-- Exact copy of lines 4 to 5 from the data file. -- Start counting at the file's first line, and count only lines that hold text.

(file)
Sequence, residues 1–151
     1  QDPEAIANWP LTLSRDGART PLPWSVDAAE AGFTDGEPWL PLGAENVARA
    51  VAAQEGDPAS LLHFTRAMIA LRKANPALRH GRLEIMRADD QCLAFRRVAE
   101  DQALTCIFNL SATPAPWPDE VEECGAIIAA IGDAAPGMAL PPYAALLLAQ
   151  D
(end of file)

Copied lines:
   101  DQALTCIFNL SATPAPWPDE VEECGAIIAA IGDAAPGMAL PPYAALLLAQ
   151  D